The Facts on Flax

Flax Is Not a Health Food — Stop Consuming It and Use It to Paint Instead

flax high pufa estrogenic


  • Flax, historically used in paints and industrial applications, is often marketed as a health food despite its potential negative effects on metabolism and long-term health
  • The principal use of flax oil in the past has been for industrial purposes, such as paint, due to its high polyunsaturated fat (PUFA) content, which makes it prone to oxidation
  • Consuming flaxseed oil, synonymous with linseed oil, can be harmful because PUFAs are unstable and oxidize easily
  • Flaxseeds also contain lignans, a type of phytoestrogen, which can mimic estrogen and contribute to hormonal imbalances, increasing the risk of conditions like breast cancer
  • Excess PUFA consumption lowers thyroid and metabolism, as thyroid hormone (the master metabolic regulator) is blocked at the production, transport, and cellular action steps by PUFA

When evaluating something as a ‘health food’ — we have to put our ‘metabolism lenses’ on. Does this improve metabolism and thus long-term health? Or, are there potentially some minute short-term benefits that come with long-term consequences and a down-regulation of metabolism? (Which will negatively impact health.)

There is really good marketing out there trying to convince us that ingredients historically used as paint are now a superfood. (Because it is extremely profitable!) One example is flaxseed and flaxseed oil — you should not be consuming these! And to better understand why, let’s briefly review why it works really well for paint!

The principal use of the oil in flax in the past has been in paints, coating and other industrial uses — the fibers were used to make fishing nets, ropes, and sailcloths and the linseed oil obtained from the flax plant has been one of the most important binders for oil paint for more than 500 years.

Flax is rich in an omega-3 polyunsaturated fat (PUFA) alpha-linoleic, C18:3. PUFAs contain 2 or more double bonds (shown in green, below), and each double bond in the fat makes it more unstable and prone to oxidation.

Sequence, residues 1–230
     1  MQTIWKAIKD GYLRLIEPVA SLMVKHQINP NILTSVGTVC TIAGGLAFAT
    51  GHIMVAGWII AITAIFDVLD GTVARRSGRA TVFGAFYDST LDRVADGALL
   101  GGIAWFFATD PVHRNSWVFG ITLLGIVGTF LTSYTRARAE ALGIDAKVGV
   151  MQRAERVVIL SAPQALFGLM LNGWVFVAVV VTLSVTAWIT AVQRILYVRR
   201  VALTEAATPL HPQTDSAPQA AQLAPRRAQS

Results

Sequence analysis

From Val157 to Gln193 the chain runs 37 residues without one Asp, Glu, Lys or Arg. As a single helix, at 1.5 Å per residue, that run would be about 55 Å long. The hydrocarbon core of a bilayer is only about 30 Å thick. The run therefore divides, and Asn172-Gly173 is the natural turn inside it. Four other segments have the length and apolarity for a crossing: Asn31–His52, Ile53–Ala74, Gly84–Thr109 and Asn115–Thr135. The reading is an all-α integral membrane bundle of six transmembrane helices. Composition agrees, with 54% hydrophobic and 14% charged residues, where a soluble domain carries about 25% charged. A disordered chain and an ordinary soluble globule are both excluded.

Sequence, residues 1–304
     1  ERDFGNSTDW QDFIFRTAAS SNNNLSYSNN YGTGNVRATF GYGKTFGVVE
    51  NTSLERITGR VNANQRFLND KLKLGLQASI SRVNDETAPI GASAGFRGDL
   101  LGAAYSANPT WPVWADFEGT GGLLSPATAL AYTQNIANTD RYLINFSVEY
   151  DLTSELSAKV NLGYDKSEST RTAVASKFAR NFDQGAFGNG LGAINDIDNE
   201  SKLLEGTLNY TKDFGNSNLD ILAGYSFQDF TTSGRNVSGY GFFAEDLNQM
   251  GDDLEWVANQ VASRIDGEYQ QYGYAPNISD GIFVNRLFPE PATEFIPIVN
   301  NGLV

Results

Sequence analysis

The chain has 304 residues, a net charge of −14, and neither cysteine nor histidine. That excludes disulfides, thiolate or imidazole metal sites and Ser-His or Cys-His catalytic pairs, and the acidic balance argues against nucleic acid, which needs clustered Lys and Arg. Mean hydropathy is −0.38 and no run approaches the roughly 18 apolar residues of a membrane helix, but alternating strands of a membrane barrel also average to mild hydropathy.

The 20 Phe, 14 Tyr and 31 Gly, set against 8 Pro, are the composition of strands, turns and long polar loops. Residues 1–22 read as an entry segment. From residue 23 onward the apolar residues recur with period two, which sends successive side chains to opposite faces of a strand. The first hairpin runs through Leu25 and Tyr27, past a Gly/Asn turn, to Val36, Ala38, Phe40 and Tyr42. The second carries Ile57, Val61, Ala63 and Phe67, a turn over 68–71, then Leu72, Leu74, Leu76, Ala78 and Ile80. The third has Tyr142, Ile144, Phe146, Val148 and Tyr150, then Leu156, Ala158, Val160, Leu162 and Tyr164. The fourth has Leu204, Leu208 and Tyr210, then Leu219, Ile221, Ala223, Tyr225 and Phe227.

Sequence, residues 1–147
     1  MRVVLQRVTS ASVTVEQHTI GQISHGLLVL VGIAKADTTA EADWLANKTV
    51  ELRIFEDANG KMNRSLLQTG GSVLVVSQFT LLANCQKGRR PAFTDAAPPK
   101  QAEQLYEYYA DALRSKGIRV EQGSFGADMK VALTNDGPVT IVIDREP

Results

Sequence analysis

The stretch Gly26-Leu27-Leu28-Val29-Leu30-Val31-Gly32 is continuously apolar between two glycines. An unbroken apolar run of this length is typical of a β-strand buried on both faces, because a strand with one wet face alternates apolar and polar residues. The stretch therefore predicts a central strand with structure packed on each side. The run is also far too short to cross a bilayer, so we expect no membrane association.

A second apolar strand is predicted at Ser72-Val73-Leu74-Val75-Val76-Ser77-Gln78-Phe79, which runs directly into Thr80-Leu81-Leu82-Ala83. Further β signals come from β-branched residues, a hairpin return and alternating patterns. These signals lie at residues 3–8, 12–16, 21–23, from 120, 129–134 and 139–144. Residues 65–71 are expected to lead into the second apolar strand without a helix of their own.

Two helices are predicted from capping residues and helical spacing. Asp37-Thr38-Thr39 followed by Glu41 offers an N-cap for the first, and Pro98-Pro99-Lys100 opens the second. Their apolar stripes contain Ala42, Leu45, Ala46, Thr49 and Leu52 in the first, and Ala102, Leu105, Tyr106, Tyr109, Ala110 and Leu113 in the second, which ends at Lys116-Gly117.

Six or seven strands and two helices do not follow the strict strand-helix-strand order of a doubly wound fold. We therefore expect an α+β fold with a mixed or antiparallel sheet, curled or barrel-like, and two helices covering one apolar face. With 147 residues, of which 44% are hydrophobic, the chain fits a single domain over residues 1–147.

flax omega-3 polyunsaturated fat graph

The structures of a saturated, monounsaturated, and polyunsaturated fat. Note the differences in points of unsaturation (C=C double bonds) on some of the fatty acids. From Nutrition: Science and Everyday Application, v. 1.0.

The longer the chains of these PUFA get (such as ALA), the more unsaturated and unstable they become.

How Flaxseed Went From Paint to ‘Health Food’

flaxseed oil

Flaxseed oil or flax oil is technically synonymous with the term ‘linseed oil,’ as both refer to the oil obtained from the dried, ripened seeds of the flax plant. The oil is obtained by pressing, sometimes involving a lot of chemicals for more industrial uses. Some refer to the ‘edible’ oil as flaxseed oil, and the industrial use as linseed oil. But the fatty acid composition of flaxseed oil or linseed oil (used interchangeably) are both PUFA rich.

Linseed oil works well as a paint due to its high level of PUFAs — all of those double bonds make them extremely prone to oxidation. In fact, linseed oil is classified as a “drying oil,” meaning it transitions from a liquid to a solid film through oxidative reactions.

“When this flax oil is exposed to air, the double bonds of ALA react with oxygen and result in relatively soft, durable film. This property is known as ‘drying’ quality of linseed oil.”1

first coat of paint
your country needs flax
autoxidation process

However, newer petroleum products started to enter the market in place of linseed oil since they could be made cheaper, and this led to the reduced reliance on flax.2 So, the flax industry needed to find another market for it — enter the health food market and lots of marketing!

new petroleum products

“50 years ago, paints and varnishes were made of soy oil, safflower oil, and linseed (flax seed) oil. Then chemists learned how to make paint from petroleum, which was much cheaper. As a result, the huge seed oil industry found its crop increasingly hard to sell.

Around the same time, farmers were experimenting with poisons to make their pigs get fatter with less food, and they discovered that corn and soy beans served the purpose, in a legal way.

The crops that had been grown for the paint industry came to be used for animal food. Then these foods that made animals get fat cheaply came to be promoted as foods for humans, but they had to direct attention away from the fact that they are very fattening. The ‘cholesterol’ focus was just one of the marketing tools used by the oil industry.

Unfortunately it [the false claims about cholesterol & saturated fat] is the one that has lasted the longest, even after the unsaturated oils were proven to cause heart disease as well as cancer.” ~ Dr. Ray Peat

Flax Is High in Estrogenic Compounds Too